In our always-on/always-connected environment, between work and family, texts and emails, new demands and ongoing change, most of us are feeling like our brains are full. And yet the constant stream keeps coming. It may seem unrealistic to hit the off switch, but we’re hoping to at least find a pause button.
This is one reason for the growing interest among business, HR and talent leaders in mindfulness and deep thinking, practices that just a few years ago would have seemed completely at odds with what it takes to be successful in business.
But whether you’re responsible for helping others develop and grow, managing people and projects, or just managing yourself, it’s easy to see how the distractions of the modern world are taking a toll, not just on performance, productivity and morale but also on people’s health and well being.
How can our businesses continue to thrive if we aren’t able to put our best thinking to work?
In fact, mindfulness is being aware of what's going on in your brain. This is far different than being "mind-full"—letting your brain get so full that you feel overwhelmed by information.
Here are three strategies anyone can apply to increase mindfulness and become more productive as a result.
1. Understand your thinking preferences
All of us have thinking preferences that help us—and sometimes hinder us—in our productivity. I have natural preferences in the area of research and analysis as well as thinking about the big picture and exploring new ideas. I have lesser preferences for dealing with details and getting organized.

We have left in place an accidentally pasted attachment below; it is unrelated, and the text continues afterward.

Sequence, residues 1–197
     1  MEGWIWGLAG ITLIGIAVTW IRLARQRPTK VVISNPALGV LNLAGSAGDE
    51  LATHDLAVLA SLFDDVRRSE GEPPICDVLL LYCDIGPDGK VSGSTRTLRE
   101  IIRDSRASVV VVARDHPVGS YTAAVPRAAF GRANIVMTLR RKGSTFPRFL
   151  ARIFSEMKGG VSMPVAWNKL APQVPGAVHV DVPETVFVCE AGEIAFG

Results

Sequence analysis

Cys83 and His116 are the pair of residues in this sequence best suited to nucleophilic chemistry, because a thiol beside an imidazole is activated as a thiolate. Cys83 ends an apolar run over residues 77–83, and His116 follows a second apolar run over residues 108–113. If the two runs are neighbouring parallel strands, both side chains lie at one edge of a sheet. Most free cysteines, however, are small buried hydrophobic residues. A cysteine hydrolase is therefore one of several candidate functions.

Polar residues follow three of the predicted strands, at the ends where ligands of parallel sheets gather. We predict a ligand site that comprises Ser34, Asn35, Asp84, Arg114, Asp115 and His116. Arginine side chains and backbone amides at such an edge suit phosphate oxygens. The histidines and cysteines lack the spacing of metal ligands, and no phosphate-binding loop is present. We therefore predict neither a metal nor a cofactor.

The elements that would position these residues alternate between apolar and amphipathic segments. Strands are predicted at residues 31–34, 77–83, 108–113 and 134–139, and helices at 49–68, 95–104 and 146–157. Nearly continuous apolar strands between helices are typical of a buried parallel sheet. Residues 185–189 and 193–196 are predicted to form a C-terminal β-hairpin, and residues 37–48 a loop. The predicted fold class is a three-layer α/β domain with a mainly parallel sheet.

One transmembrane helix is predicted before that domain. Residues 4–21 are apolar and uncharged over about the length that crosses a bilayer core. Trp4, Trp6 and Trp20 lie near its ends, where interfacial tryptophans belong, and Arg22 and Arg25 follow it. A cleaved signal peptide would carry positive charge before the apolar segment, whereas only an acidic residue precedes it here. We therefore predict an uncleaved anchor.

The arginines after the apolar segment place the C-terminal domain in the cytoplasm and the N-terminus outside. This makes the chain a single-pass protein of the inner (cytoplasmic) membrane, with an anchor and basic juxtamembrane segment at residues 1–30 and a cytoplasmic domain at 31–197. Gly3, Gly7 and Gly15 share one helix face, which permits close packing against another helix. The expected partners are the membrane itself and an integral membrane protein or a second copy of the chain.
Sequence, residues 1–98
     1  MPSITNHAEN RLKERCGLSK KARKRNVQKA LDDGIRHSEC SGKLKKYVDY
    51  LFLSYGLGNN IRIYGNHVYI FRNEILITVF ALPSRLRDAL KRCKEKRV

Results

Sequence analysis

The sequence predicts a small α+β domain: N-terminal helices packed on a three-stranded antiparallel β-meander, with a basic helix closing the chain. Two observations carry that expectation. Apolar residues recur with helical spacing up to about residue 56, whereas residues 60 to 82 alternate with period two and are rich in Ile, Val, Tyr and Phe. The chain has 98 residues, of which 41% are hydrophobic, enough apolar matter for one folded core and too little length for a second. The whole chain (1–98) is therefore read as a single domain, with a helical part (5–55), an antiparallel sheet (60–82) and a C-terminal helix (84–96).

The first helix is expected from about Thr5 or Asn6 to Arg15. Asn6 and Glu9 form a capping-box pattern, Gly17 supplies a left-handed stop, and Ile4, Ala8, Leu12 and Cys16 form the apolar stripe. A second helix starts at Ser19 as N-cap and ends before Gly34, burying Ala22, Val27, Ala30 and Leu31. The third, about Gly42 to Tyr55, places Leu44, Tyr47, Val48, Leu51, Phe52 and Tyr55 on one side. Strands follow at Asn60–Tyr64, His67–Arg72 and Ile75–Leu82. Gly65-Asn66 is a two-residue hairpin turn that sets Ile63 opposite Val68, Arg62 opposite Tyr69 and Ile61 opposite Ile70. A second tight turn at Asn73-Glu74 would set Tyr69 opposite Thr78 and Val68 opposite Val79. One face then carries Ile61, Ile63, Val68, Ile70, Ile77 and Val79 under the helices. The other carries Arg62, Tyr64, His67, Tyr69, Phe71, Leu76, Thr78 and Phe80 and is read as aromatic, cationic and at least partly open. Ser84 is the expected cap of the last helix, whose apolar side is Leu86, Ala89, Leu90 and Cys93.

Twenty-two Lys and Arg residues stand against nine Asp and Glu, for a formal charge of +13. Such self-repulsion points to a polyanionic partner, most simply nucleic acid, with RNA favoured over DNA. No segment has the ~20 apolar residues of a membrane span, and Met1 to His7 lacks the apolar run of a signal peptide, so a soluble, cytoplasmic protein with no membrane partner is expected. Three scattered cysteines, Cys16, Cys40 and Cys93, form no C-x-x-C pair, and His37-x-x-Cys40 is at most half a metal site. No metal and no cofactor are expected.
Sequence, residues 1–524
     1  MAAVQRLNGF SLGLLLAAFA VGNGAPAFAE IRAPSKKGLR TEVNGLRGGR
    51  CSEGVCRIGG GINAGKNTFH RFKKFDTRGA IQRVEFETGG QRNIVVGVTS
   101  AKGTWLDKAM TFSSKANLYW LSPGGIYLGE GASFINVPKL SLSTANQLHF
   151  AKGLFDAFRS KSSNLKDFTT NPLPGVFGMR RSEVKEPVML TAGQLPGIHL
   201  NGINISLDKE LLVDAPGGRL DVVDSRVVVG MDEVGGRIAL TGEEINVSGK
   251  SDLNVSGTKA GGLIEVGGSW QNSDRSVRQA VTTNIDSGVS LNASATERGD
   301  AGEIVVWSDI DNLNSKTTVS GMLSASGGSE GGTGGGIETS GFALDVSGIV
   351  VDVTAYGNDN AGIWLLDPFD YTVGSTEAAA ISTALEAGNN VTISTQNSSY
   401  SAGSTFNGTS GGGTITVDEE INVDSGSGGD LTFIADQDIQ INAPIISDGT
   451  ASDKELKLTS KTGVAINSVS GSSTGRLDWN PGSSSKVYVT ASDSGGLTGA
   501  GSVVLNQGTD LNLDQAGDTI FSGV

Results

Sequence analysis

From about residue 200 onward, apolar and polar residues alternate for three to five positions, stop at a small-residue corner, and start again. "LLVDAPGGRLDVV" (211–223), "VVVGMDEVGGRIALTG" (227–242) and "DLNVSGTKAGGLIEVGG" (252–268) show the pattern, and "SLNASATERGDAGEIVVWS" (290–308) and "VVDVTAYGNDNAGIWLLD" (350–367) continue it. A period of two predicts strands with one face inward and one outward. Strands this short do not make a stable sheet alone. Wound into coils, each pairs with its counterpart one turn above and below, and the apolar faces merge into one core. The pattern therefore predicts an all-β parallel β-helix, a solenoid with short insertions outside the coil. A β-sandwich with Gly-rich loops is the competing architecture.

I work hard to not let my desire to research and explore get in the way of actually getting a project done. This takes intentional effort, but becoming aware of your preferences is the first step in getting more deliberate about how you apply your thinking.
2. Get out of your own way by removing distractions
The goal is to manage your thinking processes rather than letting them manage you. We create obstacles to this by getting lost in multi-tasking: responding to a text while trying to have a conversation with somebody sitting in front of us, or checking email and browsing the web during a meeting.
Recently, I was talking to someone and heard an alert from my computer that I'd just received a new email. At that point my eyes ever so furtively glanced at the screen, read the subject line of that email and missed three or four sentences of what the other person said—the most important sentences in our conversation. I had to sheepishly ask that person to repeat them.
We know that the brain is not a parallel processor. In other words, it can only do one thing at a time well. To be more mindful and more productive, shut down the sources of distraction. If necessary, write down any thoughts that nag at you so that they no longer tug at your attention.
3. Warm up for a deep dive
Finally, when you have a certain type of thinking to do, give yourself permission to do a deep dive. This includes warming up to the task and allowing time for your brain to function at full capacity.
For example, our ability to move between analytical and empathic thinking is limited. We can do both. But if we try to do them both at the same time, our efforts will cancel each other out.
So if you're doing a task that requires you to be in tune with another person's feelings, then prime your thinking. Recall an event that left you with positive emotions about another person. This helps you to engage in a deep way with someone else.
If you want to a deep dive into a task that requires analytical thinking, then make sure you have what you need. Get your brain into that mode by looking at data. Shut down Facebook. Get focused. Block time on your calendar to get the thinking done.
What strategies are you using to help take control of your thinking rather than letting it control you?